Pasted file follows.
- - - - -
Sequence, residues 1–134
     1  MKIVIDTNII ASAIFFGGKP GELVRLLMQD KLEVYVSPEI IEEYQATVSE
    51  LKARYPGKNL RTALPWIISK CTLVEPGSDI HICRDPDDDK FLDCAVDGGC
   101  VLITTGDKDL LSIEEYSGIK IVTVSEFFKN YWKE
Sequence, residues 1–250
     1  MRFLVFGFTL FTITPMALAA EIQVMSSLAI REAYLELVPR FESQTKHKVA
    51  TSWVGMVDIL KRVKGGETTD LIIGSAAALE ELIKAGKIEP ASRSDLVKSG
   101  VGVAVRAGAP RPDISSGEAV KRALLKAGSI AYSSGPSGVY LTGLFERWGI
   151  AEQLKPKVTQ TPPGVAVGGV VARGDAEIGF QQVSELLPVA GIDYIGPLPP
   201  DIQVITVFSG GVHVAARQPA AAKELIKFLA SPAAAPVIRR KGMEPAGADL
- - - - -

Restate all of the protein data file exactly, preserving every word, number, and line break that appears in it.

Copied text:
Sequence, residues 1–134
     1  MKIVIDTNII ASAIFFGGKP GELVRLLMQD KLEVYVSPEI IEEYQATVSE
    51  LKARYPGKNL RTALPWIISK CTLVEPGSDI HICRDPDDDK FLDCAVDGGC
   101  VLITTGDKDL LSIEEYSGIK IVTVSEFFKN YWKE
Sequence, residues 1–250
     1  MRFLVFGFTL FTITPMALAA EIQVMSSLAI REAYLELVPR FESQTKHKVA
    51  TSWVGMVDIL KRVKGGETTD LIIGSAAALE ELIKAGKIEP ASRSDLVKSG
   101  VGVAVRAGAP RPDISSGEAV KRALLKAGSI AYSSGPSGVY LTGLFERWGI
   151  AEQLKPKVTQ TPPGVAVGGV VARGDAEIGF QQVSELLPVA GIDYIGPLPP
   201  DIQVITVFSG GVHVAARQPA AAKELIKFLA SPAAAPVIRR KGMEPAGADL